The town of Clover would hire a new recreation coordinator, continue work on New Centre Park and increase water and sewer rates under a proposed spending plan that begins July 1.
The Clover Town Council unanimously voted to give initial approval Monday to the $4.8 million general fund budget, plus $387,000 in capital projects and a $2.8 million enterprise fund for the town’s water and sewer service.
A second and final Town Council vote and a public hearing on the 2015-16 budget is planned at 5:30 p.m. June 22 at the Clover Community Center on Bethel Street.
A decision on the town’s tax rate has traditionally been separate from the budget vote, said Town Manager Allison Harvey. Harvey said the council is scheduled for an initial vote on the tax rate at its July 13 meeting, with the final vote on Aug. 10.
However, Harvey said the proposed spending plan is based on a 4-mill increase in the property tax rate. For an owner-occupied home, that would mean $16 more each year in property taxes for each $100,000 in assessed home value.
York County underwent property reassessment this year, and Clover’s rollback millage, the amount needed to maintain the same level of property tax revenue as last year, is 1.9 mills higher than last year. Harvey said the town staff has recommended adopting the rollback millage plus another 2.1 mills, for a total of 4 mills.
Harvey said the $38,000 budgeted for a recreation coordinator, the third such coordinator in the recreation department, is the only new position. That job is planned to be added in October.
She said town officials discussed the need to hire paid firefighters and decided to do further study. Clover has a fire chief with all-volunteer firefighters and town officials have discussed moving to a paid fire department.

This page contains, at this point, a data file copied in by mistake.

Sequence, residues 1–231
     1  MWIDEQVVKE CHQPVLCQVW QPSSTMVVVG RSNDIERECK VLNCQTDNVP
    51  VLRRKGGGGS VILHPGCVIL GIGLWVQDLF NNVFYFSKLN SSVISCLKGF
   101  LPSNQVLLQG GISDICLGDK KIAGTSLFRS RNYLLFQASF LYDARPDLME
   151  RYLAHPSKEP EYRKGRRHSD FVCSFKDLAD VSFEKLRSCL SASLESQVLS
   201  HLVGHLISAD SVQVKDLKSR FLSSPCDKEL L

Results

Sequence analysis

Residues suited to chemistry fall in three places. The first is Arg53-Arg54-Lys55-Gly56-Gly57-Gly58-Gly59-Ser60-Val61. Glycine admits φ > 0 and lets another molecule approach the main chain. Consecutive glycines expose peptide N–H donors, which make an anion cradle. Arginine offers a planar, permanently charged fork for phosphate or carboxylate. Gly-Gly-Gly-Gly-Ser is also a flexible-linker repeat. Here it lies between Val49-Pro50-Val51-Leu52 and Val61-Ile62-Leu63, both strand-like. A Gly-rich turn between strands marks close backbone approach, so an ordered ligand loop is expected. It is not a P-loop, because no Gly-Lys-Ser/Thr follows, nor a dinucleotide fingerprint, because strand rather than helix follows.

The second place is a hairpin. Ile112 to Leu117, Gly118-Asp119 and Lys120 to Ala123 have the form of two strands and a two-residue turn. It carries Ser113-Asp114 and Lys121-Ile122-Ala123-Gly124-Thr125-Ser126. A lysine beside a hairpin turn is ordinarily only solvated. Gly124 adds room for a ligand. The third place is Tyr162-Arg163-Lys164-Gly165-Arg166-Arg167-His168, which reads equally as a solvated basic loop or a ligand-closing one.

“It’s expensive,” Harvey said. “We want to make sure when we get this started that we have a good plan in place.”
The proposed spending plan includes 3 percent salary increases for town employees, which includes a 2.1 percent cost of living increase and .9 percent for merit or salary adjustments. It also includes $34,000 for the lease purchase of a new garbage truck.
The capital budget includes $185,000 to begin work on phase two of the park. Harvey said that will include construction drawings, engineering and some of the work.
“We will do what we have money to fund,” Harvey said, adding that she expects some costs for the phase two work to extend into the 2016-17 budget year.
“What we hope to include in phase two will be the splash pad and bathrooms and a larger picnic facility, not just picnic tables but an actual facility, perhaps screened in, perhaps enclosed,” Harvey said. “We’d also like to being work on our amphitheater.”
Other capital projects in the budget includes $95,000 to be split between repairs at the former Armory building purchased by the town for a recreation center, and improvements to a downtown parking lot. The capital budget also includes renovations to the former Town Hall building and the old Clover Rescue Squad building, which the council discussed purchasing.
The town’s water and sewer budget also proposes a rate increase for the second consecutive year, based on the recommendations of a consultant hired by the town. Harvey said the study was needed because the town was losing money on its water and sewer services.
Rates vary based on usage and the size of the water connection. Under the proposed new rates, a typical home that uses 4,000 gallons of water would pay $2.34 more each month, or $28 more each year.
The council also approved a $1 monthly increase, from $15 to $16, in the town’s sanitation and landfill fee, on residents’ water and sewer bill. Harvey said the county plans a corresponding increase.
In other business, the council gave final approval to a measure that would increase installation fees for water and sewer lines. Harvey said that with some more difficult water and sewer connections, the town has not been recovering its costs.
The measure would increase the installation fee for sewer connections to actual cost for all meter sizes except the 4-inch meter, the most typical connection size. The installation fee for the 4-inch meter would increase from $600 to $800.
The measure would go into effect Sept. 1 so developers “will have ample notice,” according to a memo.
Jennifer Becknell • 803-329-4077